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College football coaches cautious about injury information they share
College football coaches set aside time each week to meet with the TV announcers broadcasting their game.
They often provide tidbits on injuries or strategy that aren't given to other reporters, to help make the broadcast more enjoyable for fans. But fans aren't the only ones watching.
Virginia coach Mike London, as well as others in the profession, have their staffs record games of future opponents, scanning them for anything that could give an edge. As a result, London tries to watch his own comments.
"There's a fine line when you talk about injury," he said. "The next team, or the team after that, has a TV copy of the game, can hear those types of comments, and maybe game plan based on something you've pointed out to the entire country."
Such is life in the paranoid world of college football coaching, where updates on injured players are closely guarded.
The issue flared up this season when USC coach Lane Kiffin left a press conference after being asked about an injury — he won't answer those questions.
Meanwhile, coaches who do share information worry they put themselves at a competitive disadvantage.
The ACC is the first conference to tackle the issue, mandating a weekly, NFL-style injury report that lists players as out, doubtful, questionable or probable.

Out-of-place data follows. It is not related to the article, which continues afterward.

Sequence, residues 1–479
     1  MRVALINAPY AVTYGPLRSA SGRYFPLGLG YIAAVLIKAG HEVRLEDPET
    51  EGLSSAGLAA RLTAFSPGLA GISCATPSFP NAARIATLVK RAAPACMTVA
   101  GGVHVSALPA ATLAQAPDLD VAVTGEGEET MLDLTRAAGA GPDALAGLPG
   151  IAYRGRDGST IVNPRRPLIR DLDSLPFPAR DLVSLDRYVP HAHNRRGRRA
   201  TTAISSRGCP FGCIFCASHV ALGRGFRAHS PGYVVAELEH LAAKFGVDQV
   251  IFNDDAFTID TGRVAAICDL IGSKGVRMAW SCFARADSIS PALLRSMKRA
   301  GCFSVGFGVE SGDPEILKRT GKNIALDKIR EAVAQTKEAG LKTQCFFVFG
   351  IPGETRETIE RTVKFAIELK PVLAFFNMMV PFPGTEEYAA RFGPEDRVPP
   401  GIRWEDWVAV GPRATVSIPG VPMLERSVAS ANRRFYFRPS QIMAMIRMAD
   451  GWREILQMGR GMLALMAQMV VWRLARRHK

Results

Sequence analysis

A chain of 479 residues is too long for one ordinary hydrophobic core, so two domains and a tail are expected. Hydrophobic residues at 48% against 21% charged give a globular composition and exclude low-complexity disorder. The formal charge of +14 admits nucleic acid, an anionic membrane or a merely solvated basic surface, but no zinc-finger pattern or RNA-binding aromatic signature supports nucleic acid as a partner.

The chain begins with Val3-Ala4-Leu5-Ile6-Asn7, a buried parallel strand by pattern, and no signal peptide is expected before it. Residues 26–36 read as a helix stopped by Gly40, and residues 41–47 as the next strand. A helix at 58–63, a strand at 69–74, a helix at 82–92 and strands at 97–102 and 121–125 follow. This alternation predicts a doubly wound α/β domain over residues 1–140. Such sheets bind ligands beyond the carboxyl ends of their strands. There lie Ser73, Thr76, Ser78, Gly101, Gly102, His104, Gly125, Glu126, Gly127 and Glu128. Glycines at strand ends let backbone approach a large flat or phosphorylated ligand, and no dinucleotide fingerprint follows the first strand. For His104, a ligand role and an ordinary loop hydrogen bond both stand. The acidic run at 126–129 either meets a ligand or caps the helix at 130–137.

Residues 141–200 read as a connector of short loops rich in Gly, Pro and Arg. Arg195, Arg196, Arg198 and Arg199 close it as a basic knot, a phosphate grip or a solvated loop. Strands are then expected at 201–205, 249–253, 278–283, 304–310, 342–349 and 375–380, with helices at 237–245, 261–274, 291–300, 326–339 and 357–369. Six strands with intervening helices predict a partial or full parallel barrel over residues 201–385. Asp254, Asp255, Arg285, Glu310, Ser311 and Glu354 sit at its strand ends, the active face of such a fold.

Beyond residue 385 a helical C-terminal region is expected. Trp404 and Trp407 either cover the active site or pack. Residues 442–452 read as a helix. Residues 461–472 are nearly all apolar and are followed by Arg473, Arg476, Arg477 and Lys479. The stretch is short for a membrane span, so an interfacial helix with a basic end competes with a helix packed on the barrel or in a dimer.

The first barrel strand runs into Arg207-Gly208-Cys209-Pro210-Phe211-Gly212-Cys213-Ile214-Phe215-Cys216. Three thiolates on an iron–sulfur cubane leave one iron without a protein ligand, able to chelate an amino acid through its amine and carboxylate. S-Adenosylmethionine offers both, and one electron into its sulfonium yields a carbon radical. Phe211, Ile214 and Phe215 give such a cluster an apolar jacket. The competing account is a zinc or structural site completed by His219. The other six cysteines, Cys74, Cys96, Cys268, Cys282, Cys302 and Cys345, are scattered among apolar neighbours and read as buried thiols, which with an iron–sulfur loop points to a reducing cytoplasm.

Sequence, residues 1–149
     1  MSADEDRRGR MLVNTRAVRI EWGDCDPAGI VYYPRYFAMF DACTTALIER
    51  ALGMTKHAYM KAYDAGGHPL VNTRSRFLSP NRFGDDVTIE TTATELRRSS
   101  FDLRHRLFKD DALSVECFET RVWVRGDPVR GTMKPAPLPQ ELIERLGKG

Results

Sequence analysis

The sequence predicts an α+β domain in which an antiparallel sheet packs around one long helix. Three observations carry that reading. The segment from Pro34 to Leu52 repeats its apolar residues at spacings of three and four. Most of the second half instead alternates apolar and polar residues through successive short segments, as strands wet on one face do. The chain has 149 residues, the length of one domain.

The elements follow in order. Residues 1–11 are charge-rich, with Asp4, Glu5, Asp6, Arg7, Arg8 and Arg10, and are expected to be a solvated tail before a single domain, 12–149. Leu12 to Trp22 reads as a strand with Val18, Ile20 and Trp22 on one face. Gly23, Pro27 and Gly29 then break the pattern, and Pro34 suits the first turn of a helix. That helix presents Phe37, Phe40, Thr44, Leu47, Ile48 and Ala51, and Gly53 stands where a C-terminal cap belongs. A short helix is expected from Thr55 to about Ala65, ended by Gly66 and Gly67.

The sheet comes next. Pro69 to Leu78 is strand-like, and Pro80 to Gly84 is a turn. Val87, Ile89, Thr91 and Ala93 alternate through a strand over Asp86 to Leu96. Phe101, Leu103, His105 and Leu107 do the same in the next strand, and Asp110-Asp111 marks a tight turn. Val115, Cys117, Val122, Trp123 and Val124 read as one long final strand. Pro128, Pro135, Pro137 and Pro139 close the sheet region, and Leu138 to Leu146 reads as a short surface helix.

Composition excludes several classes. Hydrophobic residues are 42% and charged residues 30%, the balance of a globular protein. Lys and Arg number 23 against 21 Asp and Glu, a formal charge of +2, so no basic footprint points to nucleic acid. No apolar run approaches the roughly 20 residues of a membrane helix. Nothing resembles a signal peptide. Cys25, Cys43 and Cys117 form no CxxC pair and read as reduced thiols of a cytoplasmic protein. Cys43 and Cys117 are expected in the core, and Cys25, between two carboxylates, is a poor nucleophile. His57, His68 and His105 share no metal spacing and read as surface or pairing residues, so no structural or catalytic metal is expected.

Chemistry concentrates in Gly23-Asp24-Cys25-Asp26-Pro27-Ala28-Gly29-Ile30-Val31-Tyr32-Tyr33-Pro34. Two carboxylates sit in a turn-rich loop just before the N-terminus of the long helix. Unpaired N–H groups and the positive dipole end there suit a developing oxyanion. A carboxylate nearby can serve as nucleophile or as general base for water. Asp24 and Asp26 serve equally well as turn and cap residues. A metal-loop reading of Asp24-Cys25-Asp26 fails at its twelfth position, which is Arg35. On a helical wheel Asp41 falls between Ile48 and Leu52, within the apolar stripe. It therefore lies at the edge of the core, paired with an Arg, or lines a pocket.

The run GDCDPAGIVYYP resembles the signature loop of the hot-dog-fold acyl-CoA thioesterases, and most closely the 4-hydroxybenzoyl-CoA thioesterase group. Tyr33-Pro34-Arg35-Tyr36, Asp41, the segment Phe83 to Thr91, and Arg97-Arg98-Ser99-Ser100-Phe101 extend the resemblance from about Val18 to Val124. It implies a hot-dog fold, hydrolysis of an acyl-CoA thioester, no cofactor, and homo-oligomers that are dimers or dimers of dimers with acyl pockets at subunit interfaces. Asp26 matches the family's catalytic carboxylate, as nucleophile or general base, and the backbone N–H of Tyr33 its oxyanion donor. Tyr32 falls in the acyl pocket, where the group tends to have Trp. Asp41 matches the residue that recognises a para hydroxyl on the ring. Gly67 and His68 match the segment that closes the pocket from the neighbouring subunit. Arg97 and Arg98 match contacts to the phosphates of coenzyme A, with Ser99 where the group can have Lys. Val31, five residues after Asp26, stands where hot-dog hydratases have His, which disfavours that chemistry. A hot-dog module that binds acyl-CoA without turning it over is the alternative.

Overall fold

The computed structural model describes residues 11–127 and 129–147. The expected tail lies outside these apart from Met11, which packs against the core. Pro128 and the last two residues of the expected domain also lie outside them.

"The idea was not to be talking about it all week, to put it out on Thursday and let that be it," Hokies coach Frank Beamer said.
But even that system has been open to gaming. Last week, seven conference schools listed the exact nature of a player's injury, while the five others provided either no information, or separated players into "upper extremity" and "lower extremity" injuries.
North Carolina is one school that does not provide additional information.
"Why give something to the opponent when you're not getting anything out of it?" coach Larry Fedora told the Associated Press. "It's no more than I would tell you what the first play of the game is going to be, or when we're going to call a trick play."
London, as well as other coaches, said that even when being forthright, fans and journalists often suspect something is being hidden.
At Richmond, coach Danny Rocco said he's "probably a little more open than I wish I was" about injuries, but even he doesn't always know how a situation will play out.
"There's a lot of to-be-determined status," he said. "There's always the assumption that the coach knows something, and he's just not offering something.
"When guys are day-to-day, they really are day-to-day."
The ACC's program has been met with approval by coaches, who agree to participate in the system voluntarily.
Maryland coach Randy Edsall likes it because it's something he can cite instead of having to constantly field injury questions.
Other conferences, including the Pac 12, are considering adopting a similar reporting system, trying to balance satisfying fans' questions without giving information that opponents could use to target a player.
"If they could make a national rule, I think that would be great, so everybody's just dealing with it the same way and you don't have any issues," Edsall said.
Even then, with the importance of every game in college football, expect coaches to continue to seek any edge they can. Even if that means watching the same TV broadcast as the rest of us.
Read about the University of Virginia at TimesDispatch.com
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